The gorgeous Fiery Wands Tarot deck, now with fully illustrated pip cards, and with a new Magician card that shows him floating like a translucent blue ghost above the mountain tops. And with a booklet of meanings at no extra cost!
In the pip cards, I have very loosely followed the classic designs by A.E. Waite, but aiming at a less sexist approach. I do not like A.E. Waite's blindfolded and helpless women. In my Eight of Swords, for example, the woman stands staring clear-eyed ahead, with calm dignity, and a sense of hidden strength that might lead her to break her bonds.
The Major Arcana has these variations from the Rider-Waite deck:
Instead of the High Priestess, Juno with dagger, spear and peacock... but you could see her as a high priestess
Instead of the Hierophant, Jupiter with thunderbolt and eagle.
These variations are inspired by the old medieval deck, the Tarot of Besançon, which has "Juno" and "Jupiter" as the second and fifth cards. I chose that deck as a model because Besançon is a special place for me - it was the destination of my very first ever journey to a foreign country at the age of 17 - and it seemed as if it was meant to be.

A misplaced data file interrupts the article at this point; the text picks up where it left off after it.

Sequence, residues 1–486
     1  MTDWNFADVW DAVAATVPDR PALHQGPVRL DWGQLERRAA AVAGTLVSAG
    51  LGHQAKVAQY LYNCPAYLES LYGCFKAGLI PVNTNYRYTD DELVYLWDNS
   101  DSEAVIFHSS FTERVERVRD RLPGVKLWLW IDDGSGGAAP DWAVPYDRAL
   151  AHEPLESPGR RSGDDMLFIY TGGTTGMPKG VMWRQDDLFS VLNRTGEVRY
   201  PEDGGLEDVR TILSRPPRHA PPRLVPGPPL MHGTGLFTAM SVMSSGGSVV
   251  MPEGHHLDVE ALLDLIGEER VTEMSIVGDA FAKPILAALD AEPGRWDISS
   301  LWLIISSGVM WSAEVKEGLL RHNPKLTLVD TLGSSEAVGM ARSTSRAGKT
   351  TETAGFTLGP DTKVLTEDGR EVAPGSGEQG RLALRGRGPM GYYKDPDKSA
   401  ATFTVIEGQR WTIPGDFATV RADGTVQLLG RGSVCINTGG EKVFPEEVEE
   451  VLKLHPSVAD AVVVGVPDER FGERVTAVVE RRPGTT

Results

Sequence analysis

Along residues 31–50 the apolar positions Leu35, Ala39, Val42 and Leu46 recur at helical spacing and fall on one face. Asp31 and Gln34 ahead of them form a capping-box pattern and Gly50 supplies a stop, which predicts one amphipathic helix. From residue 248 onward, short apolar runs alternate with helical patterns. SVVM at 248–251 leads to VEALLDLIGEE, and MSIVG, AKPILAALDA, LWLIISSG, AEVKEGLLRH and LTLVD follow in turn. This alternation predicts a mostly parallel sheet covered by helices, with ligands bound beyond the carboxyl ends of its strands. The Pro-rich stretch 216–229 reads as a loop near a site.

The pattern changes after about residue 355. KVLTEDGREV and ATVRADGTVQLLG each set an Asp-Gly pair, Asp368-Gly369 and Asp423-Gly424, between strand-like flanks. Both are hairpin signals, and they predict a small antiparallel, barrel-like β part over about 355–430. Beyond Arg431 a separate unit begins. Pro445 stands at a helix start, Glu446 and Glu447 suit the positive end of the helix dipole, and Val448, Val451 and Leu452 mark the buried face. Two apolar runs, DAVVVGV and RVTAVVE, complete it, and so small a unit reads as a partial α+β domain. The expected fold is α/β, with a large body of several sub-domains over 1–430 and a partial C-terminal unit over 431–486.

The "action shots" at the bottom of the page show every single card in the deck. When printed out and cropped, the cards will have rounded corners. These tall cards are of the traditional size for Tarot cards. However, if you prefer a more compact deck of playing-card size, try my poker-sized deck, also with illustrated pip cards:
Another alternative is a tiny mini deck, so easy to hold and shuffle, and looking like little jewels in the hand:
Or if you like Wands to correspond to Air and Swords to Fire, try my Airy Wands Tarot, classic size or poker size:
|Average Rating||0 reviews|
|Publish Date||August 14, 2015|
|Department||Tarot and Oracles|
|More Info||Fiery Wands Tarot web site|
This richly illustrated deck looks gorgeous whatever the size, and its uplifting, clear energy is fantastic for even the darkest of days.